The Vancouver Canucks entered this season with +5000 odds to win the Stanley Cups. Only nine teams in the league had worse odds to win the Cup. For Canucks fans, a playoff spot was the goal. Considering Vancouver has two budding superstars, Elias Pettersson and Quinn Hughes, both young and in their prime, simply reaching the playoffs was an underwhelming goal. However, they have far exceeded those expectations and look more like the team fans were looking forward to. Here’s how it happened.

Vancouver’s Struggles To Build

Vancouver fans came into the year with moderate expectations but understandable skepticism of their hometown team. For years, the Canucks have failed to build a successful program and have instead been prisoners of the moment. Former General Manager Jim Benning started his tenure as GM in 2014 with a dramatic fire sale that also included trading a 3rd round pick for Derek Dorsett, a mediocre right wing. Benning became known for bringing in expensive free agents in short-term attempts to become competitive rather than thoughtfully building a roster.

As a result, Vancouver’s results have been average at best but mostly below average, considering the effort and money Benning put into some of these rosters. NHL betting lines were unkind to the Canucks coming into the season due to having made the postseason just twice since 2014, leading to Benning’s departure in 2021. He was replaced by Patrik Allvin, who was marked by many of the same problems. However, Benning did get a few things right, starting with the 2017 and 2018 NHL Drafts.

Bringing In Pettersson and Hughes

With the fifth pick of the 2017 NHL draft, the Canucks took Pettersson, a left-handed center from Sweden. A year later, Vancouver selected Hughes as the seventh pick to help sure up their defensive unit. After just over half a decade, these picks were absolute home runs. Pettersson has become one of the best players at his position, scoring a career-high 102 points last season. Hughes has also become one of the league’s better defensemen and is the team’s captain. His +13 net rating is in the top 10 among defenders in the NHL.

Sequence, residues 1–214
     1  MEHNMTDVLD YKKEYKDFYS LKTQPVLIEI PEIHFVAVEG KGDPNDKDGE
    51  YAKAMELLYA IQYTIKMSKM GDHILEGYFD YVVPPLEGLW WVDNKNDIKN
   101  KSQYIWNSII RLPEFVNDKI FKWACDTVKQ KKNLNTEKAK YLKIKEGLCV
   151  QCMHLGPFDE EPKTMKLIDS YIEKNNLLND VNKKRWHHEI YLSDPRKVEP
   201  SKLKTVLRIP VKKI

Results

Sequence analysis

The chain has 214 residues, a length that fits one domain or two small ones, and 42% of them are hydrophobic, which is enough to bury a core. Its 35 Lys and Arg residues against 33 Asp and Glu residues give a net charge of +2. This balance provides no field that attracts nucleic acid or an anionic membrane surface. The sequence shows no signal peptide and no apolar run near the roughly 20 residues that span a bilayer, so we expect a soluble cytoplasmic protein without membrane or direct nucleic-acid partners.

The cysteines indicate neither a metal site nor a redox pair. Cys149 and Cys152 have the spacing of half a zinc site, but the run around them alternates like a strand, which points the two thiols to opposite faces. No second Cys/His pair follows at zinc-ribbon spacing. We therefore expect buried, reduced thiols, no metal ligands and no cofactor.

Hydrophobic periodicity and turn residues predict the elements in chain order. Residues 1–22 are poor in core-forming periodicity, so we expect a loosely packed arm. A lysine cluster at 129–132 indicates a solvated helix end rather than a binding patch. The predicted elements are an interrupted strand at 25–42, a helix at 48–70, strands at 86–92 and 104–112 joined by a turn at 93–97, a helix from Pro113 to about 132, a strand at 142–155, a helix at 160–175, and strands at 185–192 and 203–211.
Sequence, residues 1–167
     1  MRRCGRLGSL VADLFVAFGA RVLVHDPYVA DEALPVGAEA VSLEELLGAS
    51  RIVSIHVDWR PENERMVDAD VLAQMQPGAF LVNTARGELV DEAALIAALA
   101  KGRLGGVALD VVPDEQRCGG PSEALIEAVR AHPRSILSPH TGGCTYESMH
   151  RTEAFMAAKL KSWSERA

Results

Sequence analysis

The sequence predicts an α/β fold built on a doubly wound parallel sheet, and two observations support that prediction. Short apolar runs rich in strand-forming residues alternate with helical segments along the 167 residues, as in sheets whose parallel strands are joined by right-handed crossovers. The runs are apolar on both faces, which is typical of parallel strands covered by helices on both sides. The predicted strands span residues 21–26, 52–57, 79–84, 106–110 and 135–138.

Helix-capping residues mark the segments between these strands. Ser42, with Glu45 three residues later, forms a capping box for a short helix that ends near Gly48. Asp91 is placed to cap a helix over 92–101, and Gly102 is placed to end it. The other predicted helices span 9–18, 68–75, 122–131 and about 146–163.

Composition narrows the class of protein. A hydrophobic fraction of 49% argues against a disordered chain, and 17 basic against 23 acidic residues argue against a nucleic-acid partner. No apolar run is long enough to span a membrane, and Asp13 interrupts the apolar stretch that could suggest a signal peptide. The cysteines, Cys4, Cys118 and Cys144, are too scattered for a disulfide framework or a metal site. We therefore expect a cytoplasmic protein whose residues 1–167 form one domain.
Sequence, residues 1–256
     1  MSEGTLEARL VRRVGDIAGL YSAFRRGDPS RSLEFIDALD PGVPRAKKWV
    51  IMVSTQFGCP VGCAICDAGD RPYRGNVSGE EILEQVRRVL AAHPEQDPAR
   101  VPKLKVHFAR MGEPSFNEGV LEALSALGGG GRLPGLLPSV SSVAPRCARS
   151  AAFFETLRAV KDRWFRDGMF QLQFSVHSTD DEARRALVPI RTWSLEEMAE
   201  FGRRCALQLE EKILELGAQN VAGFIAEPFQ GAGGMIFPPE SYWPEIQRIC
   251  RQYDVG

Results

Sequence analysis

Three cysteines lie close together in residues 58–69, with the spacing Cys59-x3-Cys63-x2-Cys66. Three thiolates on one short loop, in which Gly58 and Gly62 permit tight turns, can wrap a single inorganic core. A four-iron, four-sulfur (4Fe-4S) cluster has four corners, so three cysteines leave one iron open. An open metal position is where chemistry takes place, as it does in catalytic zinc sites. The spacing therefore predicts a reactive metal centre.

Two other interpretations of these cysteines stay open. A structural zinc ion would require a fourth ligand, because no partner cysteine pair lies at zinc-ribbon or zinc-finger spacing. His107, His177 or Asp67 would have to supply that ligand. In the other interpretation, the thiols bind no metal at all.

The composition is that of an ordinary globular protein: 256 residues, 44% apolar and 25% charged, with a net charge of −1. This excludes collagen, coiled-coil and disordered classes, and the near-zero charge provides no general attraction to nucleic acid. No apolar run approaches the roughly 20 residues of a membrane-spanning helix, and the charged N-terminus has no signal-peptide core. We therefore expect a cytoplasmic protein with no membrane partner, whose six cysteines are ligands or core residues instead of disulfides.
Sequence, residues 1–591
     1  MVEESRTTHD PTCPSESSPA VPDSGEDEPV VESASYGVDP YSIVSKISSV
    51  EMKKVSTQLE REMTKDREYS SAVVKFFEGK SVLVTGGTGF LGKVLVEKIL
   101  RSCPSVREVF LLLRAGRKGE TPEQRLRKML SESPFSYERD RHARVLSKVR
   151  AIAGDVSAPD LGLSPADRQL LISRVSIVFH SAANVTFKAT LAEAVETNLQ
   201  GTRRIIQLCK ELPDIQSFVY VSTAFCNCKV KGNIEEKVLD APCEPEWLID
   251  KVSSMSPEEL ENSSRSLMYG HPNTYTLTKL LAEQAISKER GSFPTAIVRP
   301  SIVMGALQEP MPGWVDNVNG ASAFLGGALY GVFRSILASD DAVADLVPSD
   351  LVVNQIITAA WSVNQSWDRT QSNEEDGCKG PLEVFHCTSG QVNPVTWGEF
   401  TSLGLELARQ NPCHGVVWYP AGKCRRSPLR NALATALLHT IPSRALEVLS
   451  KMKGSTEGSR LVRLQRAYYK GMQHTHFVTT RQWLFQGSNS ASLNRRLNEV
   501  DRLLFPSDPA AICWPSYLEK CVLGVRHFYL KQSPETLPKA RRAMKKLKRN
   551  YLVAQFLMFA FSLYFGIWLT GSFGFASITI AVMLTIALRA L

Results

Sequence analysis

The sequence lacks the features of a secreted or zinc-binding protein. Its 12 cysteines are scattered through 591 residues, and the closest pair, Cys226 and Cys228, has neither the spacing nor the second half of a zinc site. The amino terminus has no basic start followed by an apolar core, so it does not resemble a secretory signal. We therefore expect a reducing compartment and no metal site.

Despite having two stars, the Canucks still floundered a bit without proper roster construction around them. Vancouver hadn’t reached the playoffs in three seasons, even with Pettersson and Hughes, and finished with just 83 points last season.

Modest Preseason Expectations

Their failures in the past led to less-than-stellar preseason expectations. Not only were they one of the bottom ten teams in the league in terms of Stanley Cup odds, but projection models gave them just a 50% chance of making the playoffs. These expectations were disappointing, given the strength of the top of their roster. Despite having two of the best players in the league, with Pettersson explicitly looking like a superstar last season, few people gave them much of a chance in the preseason.

Allvin’s failures made fans and analysts skeptical because of the roster’s construction and the potential fallout with Pettersson. He was due for a big contract, and with deals like the one the Canucks gave J.T. Miller on the books, it looked challenging to retain him. However, Vancouver’s dramatic successes this season changed that conversation quickly.

Significant In-Season Accomplishments

The only way to describe Vancouver’s sudden shift from meddling, underperforming franchise to Western Conference’s #1 seed contender is shocking. Nobody could have expected this leap, not even the most optimistic fan. After starting the 2022–23 season with seven consecutive losses, the Canucks began this season by winning 10 of their first 13 games and haven’t looked back since. While they have struggled a bit since the All-Star break, they are in the thick of it for the top seed in the West.

Pettersson is primarily to thank, and the team rewarded him with a massive eight-year, $92.8 million extension in March. With their best player locked up, the Canucks have their eyes firmly set on the Western Conference playoffs. For the first time since the late 2000s and early 2010s, they figure to be favorites. Despite holding the #2 seed, they have the 4th best odds to win the Western Conference today.

Where Does Vancouver Go From Here?

The Canucks have been successful due to a balanced attack. They are in the top ten in scoring and the top five in goals against. However, as they prepare for the Stanley Cup Playoffs, Vancouver remains a wild card. The team has little experience in the postseason, let alone as a favorite. One advantage they will have going for is the ability to play a lot of their postseason games in Vancouver.

The home-ice advantage will help tremendously, making the fight for the #1 seed more critical. However, as we saw with the record-breaking Bruins last season, home-ice advantage doesn’t always lead to postseason success. Either way, the Canucks are in the midst of a dream season that nobody saw coming. Fans can enjoy it and hope that their team is ready to go come postseason play.


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